Justice Secretary Leila de Lima on Thursday asked the Department of Foreign Affairs (DFA) to cancel the passports of Senators Juan Ponce Enrile, Jose “Jinggoy” Estrada, Ramon “Bong” Revilla Jr. and several others implicated in the pork barrel scam.
De Lima made the request through a letter.
Aside from the three senators and those who have fled the Philippines, the Justice chief also sought the cancellation of the passports of Masbate Gov. and former representative Rizalina Seachon-Lanete; former APEC party-list representative Edgar Valdez; former Benguet representative Samuel Dangwa; former Cagayan de Oro Rep. Constantino Jaraula; Richard Cambe, a member of Revilla’s staff; Pauline Labayen, Estrada’s staff; Jose “Joy” Sumalpong, former chief of staff of Lanete; Jeanette dela Cruz, Lanete’s district staff; Erwin Dangwa, Dangwa’s chief of staff; Carlos Lozada, also a staff of Dangwa; Alan Javellana, former president of the National Agribusiness Corp.; Gondelina Amata, president of the National Livelihood Development Corp.; Dennis Cunanan, current director general of the TRC and Ortiz’s former deputy; Salvador Salacup, Agriculture assistant secretary and former president of ZNAC Rubber Estate Corp.; Jocelyn Piorato, president of Agrikultura Para sa Magbubukid Foundation Inc.; Nemesio Pablo, president of Agri and Economic Program for Farmers Foundation Inc.; Mylene Encarnacion, president of the Countrywide Agri and Rural Economic and Development Foundation Inc.; John Raymund de Asis, president of the Kaupdanan Para sa Mangunguma Foundation Inc.; Evelyn de Leon, president of the Philippine Social Development Foundation Inc.; Ronald John Lim, president of the Ginintuang Alay sa Magsasaka Foundation Inc.; Victor Cabal, Julie Johnson, and Rodhora Mendoza, all of Nabcor; Alexis Sevidal, Sofia Cruz and Chila Jalandoni of NLDC; and Francisco Figura and Marivic Jover of TRC.
Only Janet Lim-Napoles, the alleged brains of the pork barrel scam, is behind bars but for a separate complaint of serious illegal detention.
Jessica “Gigi” Reyes, Enrile’s former chief of staff, and Ruby Chan Tuason, the supposed “arms” of Estrada and Enrile, have left the country.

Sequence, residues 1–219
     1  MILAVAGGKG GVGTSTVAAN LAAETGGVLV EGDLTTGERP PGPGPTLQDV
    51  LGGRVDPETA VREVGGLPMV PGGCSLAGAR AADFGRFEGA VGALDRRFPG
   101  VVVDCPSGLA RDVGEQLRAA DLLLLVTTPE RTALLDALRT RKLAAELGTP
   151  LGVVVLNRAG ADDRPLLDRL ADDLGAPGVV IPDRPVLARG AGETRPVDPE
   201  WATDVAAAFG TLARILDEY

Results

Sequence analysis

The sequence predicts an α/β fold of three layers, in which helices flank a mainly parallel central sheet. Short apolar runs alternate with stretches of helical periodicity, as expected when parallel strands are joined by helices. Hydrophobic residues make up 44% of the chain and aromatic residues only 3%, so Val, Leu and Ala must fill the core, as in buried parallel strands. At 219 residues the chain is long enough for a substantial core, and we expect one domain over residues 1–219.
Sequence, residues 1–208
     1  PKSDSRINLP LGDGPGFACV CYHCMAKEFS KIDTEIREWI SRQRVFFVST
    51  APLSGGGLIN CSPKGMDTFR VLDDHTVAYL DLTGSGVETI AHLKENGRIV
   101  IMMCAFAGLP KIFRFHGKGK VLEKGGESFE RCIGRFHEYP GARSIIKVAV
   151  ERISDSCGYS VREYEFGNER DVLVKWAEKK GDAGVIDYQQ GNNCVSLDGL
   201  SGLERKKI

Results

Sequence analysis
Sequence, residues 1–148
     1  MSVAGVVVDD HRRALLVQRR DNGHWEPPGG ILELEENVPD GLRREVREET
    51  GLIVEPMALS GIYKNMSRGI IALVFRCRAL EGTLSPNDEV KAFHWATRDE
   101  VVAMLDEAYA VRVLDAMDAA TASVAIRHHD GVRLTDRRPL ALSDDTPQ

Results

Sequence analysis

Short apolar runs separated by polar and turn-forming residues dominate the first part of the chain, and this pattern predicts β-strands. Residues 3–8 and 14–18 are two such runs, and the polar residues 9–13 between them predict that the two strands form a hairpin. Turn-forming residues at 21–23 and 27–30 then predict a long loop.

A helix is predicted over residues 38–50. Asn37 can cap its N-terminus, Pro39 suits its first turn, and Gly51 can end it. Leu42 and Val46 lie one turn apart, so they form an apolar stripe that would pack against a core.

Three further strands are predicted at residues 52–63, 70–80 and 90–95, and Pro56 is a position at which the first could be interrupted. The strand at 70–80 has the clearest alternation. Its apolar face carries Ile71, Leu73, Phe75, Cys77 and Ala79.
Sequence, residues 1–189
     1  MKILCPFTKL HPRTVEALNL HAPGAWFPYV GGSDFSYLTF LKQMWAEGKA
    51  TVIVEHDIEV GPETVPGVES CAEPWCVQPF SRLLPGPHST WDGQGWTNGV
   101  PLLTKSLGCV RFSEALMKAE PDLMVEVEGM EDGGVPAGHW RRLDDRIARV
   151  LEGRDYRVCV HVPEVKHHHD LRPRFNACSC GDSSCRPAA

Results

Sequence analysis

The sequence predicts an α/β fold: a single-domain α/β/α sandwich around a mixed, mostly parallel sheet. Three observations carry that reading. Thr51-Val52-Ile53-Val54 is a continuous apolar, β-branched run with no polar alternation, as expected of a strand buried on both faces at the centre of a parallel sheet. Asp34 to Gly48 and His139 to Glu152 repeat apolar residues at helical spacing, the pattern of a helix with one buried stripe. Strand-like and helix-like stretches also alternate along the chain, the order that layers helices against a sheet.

In justifying her request, De Lima cited Section 6, Article III of the Constitution and the Philippine Passport Act of 1996 allowing limitations on the right to travel, “in the interest of national security.”
De Lima said these “politicians and their cohorts who pluck the food away from a hungry child’s mouth are no different from the terrorists who sow physical insecurity among the populace, when they cause economic insecurity among the people by stealing livelihood resources and money intended for calamity relief.”
“On another angle, the money stolen by the subject persons could have also been easily used for improving the country’s external and internal defense infrastructure through the modernization of the armed forces and the national police. The estimated billions of pesos stolen can easily finance the Navy’s requirements for modern frigates and other warships, the Air Force’s need for sophisticated fighter jets, and the Army’s and Police’s requests for upgraded weaponry, vehicles, communications systems, and protective gear. Instead of going to these security modernization projects, the money went to corruption to feed the luxurious lifestyle of the few social predators among us who masquerade as public servants.”
The DFA said it will assess the request once it formally receives a copy of de Lima’s letter.
Under the Philippines Passport Act, a passport can be cancelled if its holder is a fugitive from justice, is convicted of a crime and is proven to have tampered with the document or fraudulently acquired the passport.
The camp of Revilla branded the request “ridiculous”.
“Unless we are now under martial law, it is ridiculous for this government to resort to cancellation of passports of those they wrongfully charge as part of the pork barrel scam,” said Joel Bodegon, Revilla’s counsel.
“They (Department of Justice) have already filed their report to the Ombudsman, and by
that, they have no authority any longer to declare those they charge as “national security risk,” Bodegon added.
Estrada for his part said that they are not considered as security threat, and that no charges have been filed against them before the Sandiganbayan.
With a report from Bernice Camille Bauzon